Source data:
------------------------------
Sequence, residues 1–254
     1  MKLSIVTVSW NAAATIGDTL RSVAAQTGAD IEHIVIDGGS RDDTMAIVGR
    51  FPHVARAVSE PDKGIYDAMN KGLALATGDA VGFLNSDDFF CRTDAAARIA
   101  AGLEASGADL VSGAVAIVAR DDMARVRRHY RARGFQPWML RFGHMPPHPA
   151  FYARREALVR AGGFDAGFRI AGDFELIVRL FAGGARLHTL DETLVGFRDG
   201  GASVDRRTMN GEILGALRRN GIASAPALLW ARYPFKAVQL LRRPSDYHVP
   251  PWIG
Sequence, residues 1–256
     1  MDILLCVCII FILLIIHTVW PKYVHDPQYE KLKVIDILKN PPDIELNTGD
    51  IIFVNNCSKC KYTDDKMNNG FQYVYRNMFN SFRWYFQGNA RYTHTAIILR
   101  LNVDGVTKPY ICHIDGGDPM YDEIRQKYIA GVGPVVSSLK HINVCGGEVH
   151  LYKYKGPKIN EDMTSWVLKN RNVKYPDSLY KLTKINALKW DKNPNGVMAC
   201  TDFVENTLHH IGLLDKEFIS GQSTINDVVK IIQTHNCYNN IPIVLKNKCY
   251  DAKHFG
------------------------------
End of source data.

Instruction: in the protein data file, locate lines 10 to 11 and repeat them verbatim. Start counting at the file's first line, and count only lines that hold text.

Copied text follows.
    51  IIFVNNCSKC KYTDDKMNNG FQYVYRNMFN SFRWYFQGNA RYTHTAIILR
   101  LNVDGVTKPY ICHIDGGDPM YDEIRQKYIA GVGPVVSSLK HINVCGGEVH